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Immigrant Abuses at Hands of Border Patrol Agents Documented by Human-Rights Organization

No More Deaths, a Tucson-based human-rights advocacy group, continues its push to end the abusive treatment immigrants suffer while in U.S. Border Patrol Custody.

The group shares the stories of abuse, neglect, and humiliation of 13,000 people detained by the Border Patrol in a report released today -- "A Culture of Cruelty: Abuse and Impunity in Short-Term U.S. Border Patrol Custody."

"What we've found is clearly not the result of a few 'bad apples,'" says Danielle Alvarado, a No More Deaths volunteer and co-author of the report. "We continue to hear the same stories from thousands of people, released from different Border Patrol stations, year after year. They are alarmingly consistent."

U.S. Border Patrol agents regularly violate the human rights of their detainees by engaging in unsafe and unsanitary detention practices, physically abusing detainees, and refusing medical attention to those who need it, group leaders proclaim.

A Border Patrol spokesman was not immediately available for comment.


Interviews, conducted by volunteers for No More Deaths and other human rights organizations, highlight that individuals suffering severe dehydration are routinely deprived of water; people with life-threatening medical conditions are denied treatment; children and adults are beaten during apprehensions and in custody, many are crammed into cells and subjected to extreme temperatures, deprived of sleep and subject to humiliation and other forms of psychological abuse.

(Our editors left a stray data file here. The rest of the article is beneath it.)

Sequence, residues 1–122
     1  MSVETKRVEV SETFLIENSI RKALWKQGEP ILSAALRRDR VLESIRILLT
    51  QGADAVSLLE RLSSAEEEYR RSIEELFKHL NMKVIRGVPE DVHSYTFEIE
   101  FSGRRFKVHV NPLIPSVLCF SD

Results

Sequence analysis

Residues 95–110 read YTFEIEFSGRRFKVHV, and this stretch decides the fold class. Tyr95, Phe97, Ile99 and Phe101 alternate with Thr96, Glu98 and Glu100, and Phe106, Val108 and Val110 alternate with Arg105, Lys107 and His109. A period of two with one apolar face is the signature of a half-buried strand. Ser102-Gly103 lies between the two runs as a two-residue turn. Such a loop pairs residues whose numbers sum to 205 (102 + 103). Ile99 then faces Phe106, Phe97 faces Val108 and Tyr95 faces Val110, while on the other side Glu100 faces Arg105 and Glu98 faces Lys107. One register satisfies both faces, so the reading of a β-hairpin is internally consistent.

New Times documented many of those abuses in Culture of Cruelty, a feature published December 16, 2010 that included the story of Anastasio Hernandez Rojas, a California man who died in the hands of federal immigration agents.

From the story:


    Anastasio Hernandez Rojas screamed in agony as U.S. border agents rained blows on him and delivered 50,000 volts of electricity to his body over and over.

    "No! No! Ayuda!" the 42-year-old Mexican wailed, pleading for help in Spanish. "Ayudenme [help me]!"

    It was late in the evening of May 28, and his cries could be heard throughout the San Ysidro border-crossing area dividing San Diego and Tijuana.

    Witnesses said that Hernandez Rojas was facedown on the ground, his arms handcuffed behind his back. Three agents were piled on top of him, one driving his knee into Hernandez Rojas' back, another pushing his knee into the deportee's neck. Other federal agents were kicking the father of five on each side of his body.


That story was, in part, based on the first report released by No More Deaths in 2008: "Crossing the Line -- Human Rights Abuses of Migrants in Short-Term Custody on the Arizona-Sonora Border."


That report, too, is full of many of the same examples of abuse.


"Absolutely no one is taking responsibility for the patterns of abuse that persist," Alvarado says in a statement released with the report. "We have filed dozens of complaints and not one has produced any change. This is just one more way the Obama administration's flawed approach to enforcement has undermined his credibility with immigrant communities. It is an affront to our collective sense of justice, fairness, and equality."


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